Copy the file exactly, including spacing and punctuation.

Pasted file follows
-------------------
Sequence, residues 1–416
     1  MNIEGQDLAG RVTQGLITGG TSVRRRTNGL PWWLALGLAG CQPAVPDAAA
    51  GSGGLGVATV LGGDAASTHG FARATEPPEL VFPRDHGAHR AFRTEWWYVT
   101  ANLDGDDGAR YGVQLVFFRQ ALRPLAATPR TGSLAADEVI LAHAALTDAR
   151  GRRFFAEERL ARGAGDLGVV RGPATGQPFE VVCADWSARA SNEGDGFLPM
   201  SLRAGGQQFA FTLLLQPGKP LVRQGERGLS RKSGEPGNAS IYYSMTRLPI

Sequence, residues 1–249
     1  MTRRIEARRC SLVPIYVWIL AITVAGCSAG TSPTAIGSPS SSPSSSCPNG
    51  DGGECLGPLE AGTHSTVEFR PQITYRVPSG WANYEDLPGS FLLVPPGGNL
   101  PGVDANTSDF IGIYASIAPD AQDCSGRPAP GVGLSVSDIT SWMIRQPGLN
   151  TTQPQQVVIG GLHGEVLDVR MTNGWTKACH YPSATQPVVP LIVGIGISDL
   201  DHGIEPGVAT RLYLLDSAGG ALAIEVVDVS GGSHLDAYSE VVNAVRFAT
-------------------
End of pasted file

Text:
Sequence, residues 1–416
     1  MNIEGQDLAG RVTQGLITGG TSVRRRTNGL PWWLALGLAG CQPAVPDAAA
    51  GSGGLGVATV LGGDAASTHG FARATEPPEL VFPRDHGAHR AFRTEWWYVT
   101  ANLDGDDGAR YGVQLVFFRQ ALRPLAATPR TGSLAADEVI LAHAALTDAR
   151  GRRFFAEERL ARGAGDLGVV RGPATGQPFE VVCADWSARA SNEGDGFLPM
   201  SLRAGGQQFA FTLLLQPGKP LVRQGERGLS RKSGEPGNAS IYYSMTRLPI

Sequence, residues 1–249
     1  MTRRIEARRC SLVPIYVWIL AITVAGCSAG TSPTAIGSPS SSPSSSCPNG
    51  DGGECLGPLE AGTHSTVEFR PQITYRVPSG WANYEDLPGS FLLVPPGGNL
   101  PGVDANTSDF IGIYASIAPD AQDCSGRPAP GVGLSVSDIT SWMIRQPGLN
   151  TTQPQQVVIG GLHGEVLDVR MTNGWTKACH YPSATQPVVP LIVGIGISDL
   201  DHGIEPGVAT RLYLLDSAGG ALAIEVVDVS GGSHLDAYSE VVNAVRFAT